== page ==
Kenny Wormald, Julianne Hough

kennyjulianne

Newcomers Julianne Hough and Kenny Wormald inherit the dancing sneakers of Lori Singer and Kevin Bacon, respectively, in Paramount’s remake of the coming-of-age boogie-woogie classic “Footloose”. Alicia Malone caught up with both of them for a sit-down chat about the surprisingly effective redo.


Okay, so instead of playing Six Degrees of Kevin Bacon we’re going to play Six Degrees of… well, let’s see how many ways you guys are connected to the original ”Footloose.”

Kenny : We have a bunch of coincidental things..

Julianne : For one, I grew up in Utah where the original was shot. Two, my first dance on Dancing with the Stars was to ‘Let’s Hear it from the Boy’. Three, my brother played Ren on the west end in London. Four, I played Ariel in this like small musical version of Footloose during high school. Five, when I finished my audition I rang up my mother and she was like, ‘Wait, I just have to turn down the radio’, I was like ‘Wait, what was that?’ and she was like ‘Footloose was playing’. She didn’t even know I auditioned for the movie.

Kenny : I actually don’t have anything like that… erm, I actually have nothing; I’ve no connection [Laughs]

Well, then what are your memories of seeing the original film?

Kenny : I grew up with Footloose. I was a dancer, and I use to get teased a lot because of that – especially doing things like ballet – but I’d always come back to school and tell people to watch Footloose. Kevin Bacon is so cool in it; he’s masculine, and he’s the coolest dude on the block.

You actually had a couple of happy accidents that led you to this role?

Kenny : Yeah. I danced with Justin Timberlake and the casting director that casted Social Network casted Footloose.  And our director Craig Brewer had worked with Justin on Black Snake Moan. So there was a little triangle there. Anyway they called Justin and he gave his blessing and told them they should keep looking at me for the role [of Ren]. It all worked out.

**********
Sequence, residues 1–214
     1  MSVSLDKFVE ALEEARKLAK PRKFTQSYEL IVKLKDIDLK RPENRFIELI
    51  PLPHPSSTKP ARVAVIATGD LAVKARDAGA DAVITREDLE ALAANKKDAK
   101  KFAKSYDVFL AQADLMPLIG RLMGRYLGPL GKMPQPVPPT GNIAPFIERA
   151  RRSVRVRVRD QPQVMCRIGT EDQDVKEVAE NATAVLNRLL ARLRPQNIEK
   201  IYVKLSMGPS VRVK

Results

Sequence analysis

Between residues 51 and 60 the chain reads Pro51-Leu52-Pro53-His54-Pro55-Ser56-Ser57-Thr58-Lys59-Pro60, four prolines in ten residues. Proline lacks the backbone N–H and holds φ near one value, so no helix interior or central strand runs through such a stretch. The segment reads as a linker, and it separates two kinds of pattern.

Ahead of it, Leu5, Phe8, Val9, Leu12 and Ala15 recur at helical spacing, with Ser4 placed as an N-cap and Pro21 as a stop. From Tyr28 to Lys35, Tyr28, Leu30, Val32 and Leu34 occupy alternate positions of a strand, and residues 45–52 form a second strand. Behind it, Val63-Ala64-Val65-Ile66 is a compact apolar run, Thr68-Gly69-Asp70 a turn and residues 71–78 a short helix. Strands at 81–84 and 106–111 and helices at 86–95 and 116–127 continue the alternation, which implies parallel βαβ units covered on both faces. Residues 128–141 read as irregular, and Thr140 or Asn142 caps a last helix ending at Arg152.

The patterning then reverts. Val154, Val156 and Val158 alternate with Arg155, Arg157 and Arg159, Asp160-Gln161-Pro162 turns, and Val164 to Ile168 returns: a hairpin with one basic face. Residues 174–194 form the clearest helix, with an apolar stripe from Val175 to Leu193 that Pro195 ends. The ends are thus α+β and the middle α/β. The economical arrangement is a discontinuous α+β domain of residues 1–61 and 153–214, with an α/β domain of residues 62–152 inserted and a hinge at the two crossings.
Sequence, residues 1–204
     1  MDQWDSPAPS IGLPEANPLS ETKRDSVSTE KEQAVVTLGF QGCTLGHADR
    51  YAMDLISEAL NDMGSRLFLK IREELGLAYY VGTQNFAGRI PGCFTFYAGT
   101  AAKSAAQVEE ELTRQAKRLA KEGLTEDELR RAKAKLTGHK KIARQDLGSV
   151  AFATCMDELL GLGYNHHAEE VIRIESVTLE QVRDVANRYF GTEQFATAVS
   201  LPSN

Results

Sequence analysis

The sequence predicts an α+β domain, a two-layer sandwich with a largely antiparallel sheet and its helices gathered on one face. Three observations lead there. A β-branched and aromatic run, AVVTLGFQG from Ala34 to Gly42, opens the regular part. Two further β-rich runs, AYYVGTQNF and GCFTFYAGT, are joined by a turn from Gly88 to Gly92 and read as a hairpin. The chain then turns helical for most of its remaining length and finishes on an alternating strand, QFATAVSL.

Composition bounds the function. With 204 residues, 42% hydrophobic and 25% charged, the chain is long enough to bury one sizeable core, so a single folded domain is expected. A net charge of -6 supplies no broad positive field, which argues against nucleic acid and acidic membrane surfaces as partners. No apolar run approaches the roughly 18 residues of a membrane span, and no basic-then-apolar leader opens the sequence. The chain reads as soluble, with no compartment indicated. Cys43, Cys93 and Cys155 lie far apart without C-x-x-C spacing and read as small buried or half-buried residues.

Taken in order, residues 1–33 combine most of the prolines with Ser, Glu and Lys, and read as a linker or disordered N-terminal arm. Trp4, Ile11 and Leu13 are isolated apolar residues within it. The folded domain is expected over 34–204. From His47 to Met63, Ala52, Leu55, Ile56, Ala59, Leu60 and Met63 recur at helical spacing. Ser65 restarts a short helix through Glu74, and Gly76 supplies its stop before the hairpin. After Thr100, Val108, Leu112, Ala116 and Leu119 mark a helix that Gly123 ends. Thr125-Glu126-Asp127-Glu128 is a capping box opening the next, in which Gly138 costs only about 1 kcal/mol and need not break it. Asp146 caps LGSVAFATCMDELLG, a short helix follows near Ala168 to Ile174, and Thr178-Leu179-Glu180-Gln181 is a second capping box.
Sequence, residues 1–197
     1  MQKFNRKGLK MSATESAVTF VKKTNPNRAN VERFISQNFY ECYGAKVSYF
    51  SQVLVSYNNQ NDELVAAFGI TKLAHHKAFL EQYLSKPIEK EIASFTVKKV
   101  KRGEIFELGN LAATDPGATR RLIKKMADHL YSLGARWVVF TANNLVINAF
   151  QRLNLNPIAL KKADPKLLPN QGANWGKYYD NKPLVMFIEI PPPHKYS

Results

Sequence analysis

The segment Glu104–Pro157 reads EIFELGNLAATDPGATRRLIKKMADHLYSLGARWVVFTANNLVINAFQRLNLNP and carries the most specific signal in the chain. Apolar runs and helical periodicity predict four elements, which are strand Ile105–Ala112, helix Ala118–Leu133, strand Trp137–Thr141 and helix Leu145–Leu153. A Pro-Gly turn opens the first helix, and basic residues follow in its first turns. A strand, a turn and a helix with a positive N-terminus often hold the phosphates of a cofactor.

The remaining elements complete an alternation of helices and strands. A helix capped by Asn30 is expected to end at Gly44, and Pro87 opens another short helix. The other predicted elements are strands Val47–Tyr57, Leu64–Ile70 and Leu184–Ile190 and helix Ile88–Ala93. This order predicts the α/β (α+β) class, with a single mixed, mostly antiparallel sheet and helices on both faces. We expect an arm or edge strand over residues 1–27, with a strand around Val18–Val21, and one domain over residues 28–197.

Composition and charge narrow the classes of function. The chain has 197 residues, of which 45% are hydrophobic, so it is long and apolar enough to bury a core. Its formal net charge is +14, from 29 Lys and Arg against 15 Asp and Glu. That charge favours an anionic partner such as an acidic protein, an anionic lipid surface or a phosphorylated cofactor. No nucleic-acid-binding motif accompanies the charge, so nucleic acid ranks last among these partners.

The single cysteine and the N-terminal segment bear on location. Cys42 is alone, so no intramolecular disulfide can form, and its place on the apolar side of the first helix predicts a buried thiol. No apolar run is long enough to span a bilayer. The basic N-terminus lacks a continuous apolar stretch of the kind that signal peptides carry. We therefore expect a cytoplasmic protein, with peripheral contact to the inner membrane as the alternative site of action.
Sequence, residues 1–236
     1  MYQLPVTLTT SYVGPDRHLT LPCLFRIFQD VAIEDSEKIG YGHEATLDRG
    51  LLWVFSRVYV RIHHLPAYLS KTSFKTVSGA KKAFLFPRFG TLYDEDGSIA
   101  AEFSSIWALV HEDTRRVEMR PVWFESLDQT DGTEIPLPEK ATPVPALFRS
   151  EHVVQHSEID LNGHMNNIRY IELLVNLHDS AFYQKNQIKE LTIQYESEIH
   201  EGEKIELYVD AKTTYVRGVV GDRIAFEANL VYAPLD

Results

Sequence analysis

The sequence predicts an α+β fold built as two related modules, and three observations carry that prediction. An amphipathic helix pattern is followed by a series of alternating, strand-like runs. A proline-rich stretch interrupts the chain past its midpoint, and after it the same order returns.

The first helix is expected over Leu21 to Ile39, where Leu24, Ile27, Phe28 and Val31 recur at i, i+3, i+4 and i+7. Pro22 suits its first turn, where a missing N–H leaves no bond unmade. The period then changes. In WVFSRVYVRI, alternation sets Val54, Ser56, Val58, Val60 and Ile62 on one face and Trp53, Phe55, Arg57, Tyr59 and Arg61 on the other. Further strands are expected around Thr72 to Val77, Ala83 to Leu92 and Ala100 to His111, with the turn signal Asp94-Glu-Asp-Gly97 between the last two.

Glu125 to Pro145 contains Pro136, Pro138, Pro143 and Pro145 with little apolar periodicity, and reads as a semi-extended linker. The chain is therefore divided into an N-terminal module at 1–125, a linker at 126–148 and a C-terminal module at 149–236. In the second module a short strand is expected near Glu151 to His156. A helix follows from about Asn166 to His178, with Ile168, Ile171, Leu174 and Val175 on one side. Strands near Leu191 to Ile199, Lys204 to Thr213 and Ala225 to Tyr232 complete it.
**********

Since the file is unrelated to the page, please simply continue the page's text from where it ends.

Is it hard these days to make dancing seem more impressive onscreen. We’ve seen so many dance movies…

Julianne : Yeah, I think that for our generation dancing is so accessible, it’s on TV, it’s on YouTube and it’s even cool for guys to dance now.

Kenny : I wish I’d had that then [Laughs]

Julianne : Now of course people are watching So You Think You Can Dance and [are acting like they're experts] going, ‘Oh, she just totally missed her split’.

Is it hard to make this one feel fresh when it is a remake?

Kenny : No, cos it’s fresh for us. It was the first time we were doing this. I felt like we were doing our own movie not a mimic or a copy.

Julianne : And then for this generation, who have never seen it, it’s fresh to them.

Was it hard to make that role your own? Were you thinking about Kevin Bacon while doing it?

Kenny : No, I was very aware what Kevin did, and I’d seen the film like fifty times as a kid, and I watched it while I was going through the audition process, but once I booked it I stayed away from it. And I added some things – like the Boston accent – that made my take a little different.

It looks a lot of fun while you’re dancing on screen. How do you describe the feeling when you dance all out?

Julianne : It’s funny, it’s exhilarating, it’s an expression of who you are and what you want to say with your body.

Kenny : It’s hard to explain how exactly it makes you feel but it’s like a release. You forget about the world. And your just totally in that world. The songs are blaring. We had huge speakers on set playing the songs so that all helped.